With the arrival of June we have ever more newly hatched young to spot and Otters are making an appearance with surprising regularity.
Three out of the five Great Crested Grebe pairs that we reported were nesting on Salhouse Broad have now hatched delightful little “Grebelets”. Our passengers have loved seeing the Grebelets being carried around on their mother’s back – as shown on this picture.
There are still two Grebes sitting on their remarkable floating nests on Salhouse Broad – a sight that is also capturing the imagination of our passengers. It’s surprising how many materials are used to build the nest – from lily leaves to reeds and even a gold chocolate wrapper that one has collected as decoration. The male Grebes work really hard collecting these materials and then pass it over to the female on the nest who carefully decides where to arrange the “furniture”.
This picture shows a Grebe nesting on the nearby Hoveton Great Broad, which is located just opposite Salhouse Broad but can only be reached via a special nature trail, accessible only by boat. It’s an important nature reserve that has been closed to boat traffic for over a century and is well worth a visit by day boat.
A highlight on Hoveton Great Broad is a large number of Common Terns arriving from Africa to nest on a specially designed nesting platform (shown below). The population is being carefully surveyed by Natural England, as fewer Common Terns had arrived in recent years but things are looking more positive for 2017.
It’s not just the Common Terns using the nesting platform. This picture shows a Black Headed Gull nesting amongst the terns as well as a cormorant peering over. This situation is being monitored by Natural England as Black Headed Gulls can outcompete the Terns, but also offer more aggressive protection against predators. In short, it’s hard to say whether the Black Headed Gulls are a good or a bad thing for the Terns but we will keep you posted!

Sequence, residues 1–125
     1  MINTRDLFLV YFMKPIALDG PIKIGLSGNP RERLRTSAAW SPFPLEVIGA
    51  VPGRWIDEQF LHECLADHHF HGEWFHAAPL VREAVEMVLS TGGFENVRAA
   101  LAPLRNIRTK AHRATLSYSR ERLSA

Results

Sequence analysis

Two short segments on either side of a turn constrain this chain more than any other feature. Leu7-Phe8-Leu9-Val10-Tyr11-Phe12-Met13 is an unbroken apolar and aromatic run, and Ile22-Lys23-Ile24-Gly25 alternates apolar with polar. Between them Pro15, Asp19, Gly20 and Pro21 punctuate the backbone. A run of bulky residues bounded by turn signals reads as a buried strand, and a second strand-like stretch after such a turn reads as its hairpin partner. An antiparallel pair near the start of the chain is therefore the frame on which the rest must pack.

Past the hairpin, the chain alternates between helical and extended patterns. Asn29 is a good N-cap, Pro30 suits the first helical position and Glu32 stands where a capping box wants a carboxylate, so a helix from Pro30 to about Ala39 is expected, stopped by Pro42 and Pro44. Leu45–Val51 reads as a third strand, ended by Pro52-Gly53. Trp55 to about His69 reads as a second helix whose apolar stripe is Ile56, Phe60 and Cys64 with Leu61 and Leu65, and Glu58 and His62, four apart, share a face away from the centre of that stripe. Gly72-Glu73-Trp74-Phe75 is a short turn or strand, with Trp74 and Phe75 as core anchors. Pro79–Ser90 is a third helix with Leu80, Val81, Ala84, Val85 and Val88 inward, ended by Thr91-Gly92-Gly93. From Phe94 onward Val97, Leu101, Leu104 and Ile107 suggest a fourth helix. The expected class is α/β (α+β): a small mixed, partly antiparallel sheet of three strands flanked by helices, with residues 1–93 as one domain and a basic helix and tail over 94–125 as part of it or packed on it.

On the subject of Cormorants, very large numbers of the sea birds are arriving on Hoveton Great Broad and this picture shows them seeming to hunt in packs – although in reality they could all just be following a large shoal of fish.
In amongst the jungle-like carr woodland at Hoveton Great Broad nature trail we have been enjoying watching a Woodpecker feeding her chicks in a hole in a tree – as shown below.
Back out on the river near Wroxham Broad we took these lovely pictures of a Heron hunting in the margins and a Gadwall duck. Take a close look at this endangered duck, which is on the RSPB Amber list, and you’ll see that it’s grey colour is made up of exquisitely fine barring and speckling.
Back in Wroxham we now have three families of swans with their delightful little Cygnets. The swans seem much less territorial than last year and seem to be crossing over territory within the river without too much squabbling.
Excitingly, our boatyard is proving a hotspot for otter activity. Years ago Otters would have been a very rare sight indeed but we are now seeing them with remarkable regularity. One of our day boat lads, Joe, managed to film a dog otter walking across our car park while our skipper Oli, had an Otter come up right under his feet while filling up the water tank on one of our trip boats. He managed to grab his camera in time to show the otter swimming away across our boat basin.
Some passengers have also been lucky enough to see Otters on our boat trips. Perhaps the most amusing sighting came when an otter ran behind a lady tending to her riverside garden in Wroxham village without her even noticing it – though all our passengers did! The best sighting, however, came just outside Barton House in Wroxham, where a female otter swam right beside our trip boat – so everyone got a great view!
Another great sight in our boat basin, pictured by one of our skippers Tobi below, is a beautiful Eyed Hawk Moth in our boat basin. If provoked the insect flashes its hindwings, which are decorated with intense blue and black ‘eyes’ on a pinkish background.
But perhaps our favourite sighting of an insect is Norfolk’s iconic Swallowtail butterfly – which we have seen on some of our trips on Woodbastwick reach. It’s Britain’s largest butterfly, with a swallow like forked tail, but is only found on the Broads because its caterpillar can only eat a plant called milk parsley, which will only live in Norfolk’s reed and sedge beds.
Words and pictures – Oliver Franzen
With so many wonderful sights on the river why not join us for a boat trip or hire a dayboat and explore on your own. Tel: 01603 782 207.